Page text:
Make eye contact with the driver, we’re always told. Make sure the driver knows you’re there.
The thing is, though, the drivers who insist on edging forward over the stop lines, infuriated by the lack of machismo in your pedal-powered approach, are, by and large, the drivers who also insist that the windows of their Toyota Urban Cruiser are tinted to within two squints of opacity, just in case you dare invade their steel-plated privacy with your wary gaze, and catch a glimpse of the semi-automatic on the dashboard, the blonde in the passenger seat, the attaché case stuffed with pristine fifties.
So here we are again, playing the same old tedious game, on Charlton Park Road on a windy Monday morning in September.
He revs the engine, creeps forward, and I slow down, unsure if he’s seen me. This, of course, annoys him even more: on his left wrist, on a fat gold Rolex, gold-plated seconds are ticking past. So he nudges out even more, letting his front wheels, already angled left, roll well beyond the kerb edge. And I slow down even more, because now I’m seriously starting to think that he hasn’t seen me; or, more likely, that he’s going to pull out anyway, because having to wait for a mere bicycle to pass is more than his ego can bear.
I picture his right foot tense on the accelerator, desperate to push down and unleash a fuel-injected spurt of petrol and testosterone into the cylinder head. It’s so stupid, so futile. If he’d just waited, handbrake on, behind the line, I’d have gone past, and we’d both now be on our way. Instead, I’ve slowed almost to walking pace; because I need to be able to throw myself sideways, if he decides he needs to make a point.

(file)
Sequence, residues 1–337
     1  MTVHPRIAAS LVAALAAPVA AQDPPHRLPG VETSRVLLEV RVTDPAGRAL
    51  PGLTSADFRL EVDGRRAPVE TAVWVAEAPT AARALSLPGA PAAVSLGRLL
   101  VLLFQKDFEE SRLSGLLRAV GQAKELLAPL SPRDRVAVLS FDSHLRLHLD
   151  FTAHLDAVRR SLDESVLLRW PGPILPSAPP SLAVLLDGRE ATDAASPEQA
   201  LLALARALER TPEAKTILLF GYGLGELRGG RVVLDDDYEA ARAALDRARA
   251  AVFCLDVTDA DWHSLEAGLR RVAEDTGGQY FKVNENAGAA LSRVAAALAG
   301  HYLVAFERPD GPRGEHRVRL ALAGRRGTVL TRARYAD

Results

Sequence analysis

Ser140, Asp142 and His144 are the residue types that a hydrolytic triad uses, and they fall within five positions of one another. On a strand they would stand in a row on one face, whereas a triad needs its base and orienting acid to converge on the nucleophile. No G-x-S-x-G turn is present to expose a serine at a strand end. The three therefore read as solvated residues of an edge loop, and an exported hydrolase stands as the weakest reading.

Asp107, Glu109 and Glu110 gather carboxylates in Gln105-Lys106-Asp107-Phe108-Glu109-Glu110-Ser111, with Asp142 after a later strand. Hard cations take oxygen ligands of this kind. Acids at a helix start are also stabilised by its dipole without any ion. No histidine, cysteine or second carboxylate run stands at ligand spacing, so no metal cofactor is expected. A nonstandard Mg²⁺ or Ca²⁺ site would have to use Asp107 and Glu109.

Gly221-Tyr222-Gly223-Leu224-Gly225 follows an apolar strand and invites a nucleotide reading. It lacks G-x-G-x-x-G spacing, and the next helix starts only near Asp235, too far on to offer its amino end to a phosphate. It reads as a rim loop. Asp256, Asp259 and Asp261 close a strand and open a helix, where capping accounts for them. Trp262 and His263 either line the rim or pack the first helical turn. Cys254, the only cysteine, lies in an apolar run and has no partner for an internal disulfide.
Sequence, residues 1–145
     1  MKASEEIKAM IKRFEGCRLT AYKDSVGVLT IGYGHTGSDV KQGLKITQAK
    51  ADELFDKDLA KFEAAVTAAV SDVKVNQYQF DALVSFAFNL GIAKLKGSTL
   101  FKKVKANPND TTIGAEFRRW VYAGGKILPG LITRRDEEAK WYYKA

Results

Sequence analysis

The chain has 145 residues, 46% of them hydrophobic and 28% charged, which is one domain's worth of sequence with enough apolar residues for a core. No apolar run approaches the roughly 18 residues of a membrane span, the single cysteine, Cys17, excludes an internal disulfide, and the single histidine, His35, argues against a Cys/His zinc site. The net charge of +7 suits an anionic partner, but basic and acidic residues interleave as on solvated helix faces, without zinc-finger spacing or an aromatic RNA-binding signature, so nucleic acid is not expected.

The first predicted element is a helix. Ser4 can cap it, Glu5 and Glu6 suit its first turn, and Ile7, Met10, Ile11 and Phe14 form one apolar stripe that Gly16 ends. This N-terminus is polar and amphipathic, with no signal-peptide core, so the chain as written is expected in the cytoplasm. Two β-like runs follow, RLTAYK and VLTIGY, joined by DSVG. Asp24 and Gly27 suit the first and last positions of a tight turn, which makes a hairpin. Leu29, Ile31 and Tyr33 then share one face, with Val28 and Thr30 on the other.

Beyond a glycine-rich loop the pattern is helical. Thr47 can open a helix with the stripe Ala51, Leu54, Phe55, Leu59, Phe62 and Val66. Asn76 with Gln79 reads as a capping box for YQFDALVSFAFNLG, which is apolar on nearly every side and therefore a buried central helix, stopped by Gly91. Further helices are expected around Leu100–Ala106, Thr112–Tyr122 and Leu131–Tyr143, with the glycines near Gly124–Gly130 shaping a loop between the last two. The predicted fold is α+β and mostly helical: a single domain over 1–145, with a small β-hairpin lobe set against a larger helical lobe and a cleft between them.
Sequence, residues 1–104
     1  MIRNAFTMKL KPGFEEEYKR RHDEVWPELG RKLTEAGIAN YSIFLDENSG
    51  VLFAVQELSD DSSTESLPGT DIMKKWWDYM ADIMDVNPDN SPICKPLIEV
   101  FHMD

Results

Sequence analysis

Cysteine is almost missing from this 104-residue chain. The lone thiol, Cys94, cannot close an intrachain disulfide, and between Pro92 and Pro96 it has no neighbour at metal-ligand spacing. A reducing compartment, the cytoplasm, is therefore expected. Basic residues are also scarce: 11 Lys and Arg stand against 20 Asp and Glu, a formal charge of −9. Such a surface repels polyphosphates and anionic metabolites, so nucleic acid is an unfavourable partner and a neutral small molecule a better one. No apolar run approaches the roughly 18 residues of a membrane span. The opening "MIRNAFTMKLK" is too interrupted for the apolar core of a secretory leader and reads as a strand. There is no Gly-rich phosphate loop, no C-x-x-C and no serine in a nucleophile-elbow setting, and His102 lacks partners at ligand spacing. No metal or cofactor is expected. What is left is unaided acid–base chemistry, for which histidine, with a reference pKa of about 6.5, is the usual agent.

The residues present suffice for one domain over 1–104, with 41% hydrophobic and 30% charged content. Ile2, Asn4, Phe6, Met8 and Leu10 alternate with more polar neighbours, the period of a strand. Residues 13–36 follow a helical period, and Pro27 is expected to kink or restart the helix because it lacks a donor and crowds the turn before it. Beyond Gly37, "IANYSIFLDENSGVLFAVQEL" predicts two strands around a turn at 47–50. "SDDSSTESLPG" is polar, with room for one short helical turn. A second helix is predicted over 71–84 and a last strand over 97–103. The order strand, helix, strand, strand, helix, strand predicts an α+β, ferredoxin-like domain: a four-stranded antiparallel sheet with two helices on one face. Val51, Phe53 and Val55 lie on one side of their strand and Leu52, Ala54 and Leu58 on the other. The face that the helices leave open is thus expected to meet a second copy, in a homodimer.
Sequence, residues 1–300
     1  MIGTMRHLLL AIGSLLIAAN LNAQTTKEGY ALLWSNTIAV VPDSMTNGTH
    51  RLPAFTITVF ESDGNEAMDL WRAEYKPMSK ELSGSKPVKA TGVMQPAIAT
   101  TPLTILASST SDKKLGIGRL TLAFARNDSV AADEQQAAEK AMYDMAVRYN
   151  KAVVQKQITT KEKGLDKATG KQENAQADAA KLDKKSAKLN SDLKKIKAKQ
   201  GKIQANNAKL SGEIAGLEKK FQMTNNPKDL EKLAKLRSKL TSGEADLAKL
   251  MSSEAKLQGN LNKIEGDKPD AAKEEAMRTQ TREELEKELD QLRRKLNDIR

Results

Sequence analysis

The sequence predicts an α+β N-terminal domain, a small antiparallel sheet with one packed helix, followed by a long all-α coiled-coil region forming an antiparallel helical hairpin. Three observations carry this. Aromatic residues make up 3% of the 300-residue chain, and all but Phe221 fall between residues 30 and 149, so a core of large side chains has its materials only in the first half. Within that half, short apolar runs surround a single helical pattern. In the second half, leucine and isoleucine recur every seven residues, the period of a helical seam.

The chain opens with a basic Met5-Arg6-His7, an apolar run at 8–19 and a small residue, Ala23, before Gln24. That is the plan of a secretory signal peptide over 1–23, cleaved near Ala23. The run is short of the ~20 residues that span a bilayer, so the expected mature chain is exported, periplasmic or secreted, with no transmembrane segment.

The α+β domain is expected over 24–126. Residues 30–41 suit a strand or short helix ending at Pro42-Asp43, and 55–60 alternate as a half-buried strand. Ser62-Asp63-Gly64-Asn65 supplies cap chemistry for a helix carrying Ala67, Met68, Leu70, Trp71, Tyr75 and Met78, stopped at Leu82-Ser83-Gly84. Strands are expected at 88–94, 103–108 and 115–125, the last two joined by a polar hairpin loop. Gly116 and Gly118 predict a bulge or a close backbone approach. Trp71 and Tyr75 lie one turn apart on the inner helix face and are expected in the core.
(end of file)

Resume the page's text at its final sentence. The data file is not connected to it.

His window purrs open.
Make eye contact with the driver. Make sure the driver knows you’re there.
“Whassamatter, you stupid fucking cunt!”
In the seat behind him is a boy, maybe six or seven, playing with a computer game. He doesn’t look up when his father speaks. Maybe he’s wearing headphones?
What do you say? What can you say? It’s not like there’s one simple, withering word that would get my argument across.
So I ignore him, pedal past. It’s a grind in this wind. He overtakes me before we’ve reached Cemetery Lane, gunning the Toyota’s engine and swinging out much wider than he needs – if there were any oncoming traffic, he’d be in trouble, but the road is pretty empty.
I watch him go, then drop down a gear, drop my head too.
Up ahead, opposite St Luke with Holy Trinity, a lorry, hazards flashing, is parked outside the Bugle Horn, completely blocking the left-hand half of the road. The oblong canvas flap along the passenger side is unbuckled, and the driver and his mate are hauling metal casks of beer from the interior, crashing them down onto soft vinyl cushions spread carefully on the pavement. The Toyota has pulled up just beyond the lorry, I can see it on the bend, and the driver is walking back towards the pub. He’s wearing shades now, tinted like his windows. He’s angry. It seems he’s been forced to wait behind the lorry and then pull out. It seems there are double yellow lines. It seems he hasn’t got all fucking day.
The lorry driver pauses, foot resting on an unloaded cask, and listens to him. Then he shakes his head.
“It’s a beer lorry. The beer goes in the pub, you numpty.”
Yeah, I think, freewheeling past, numpty.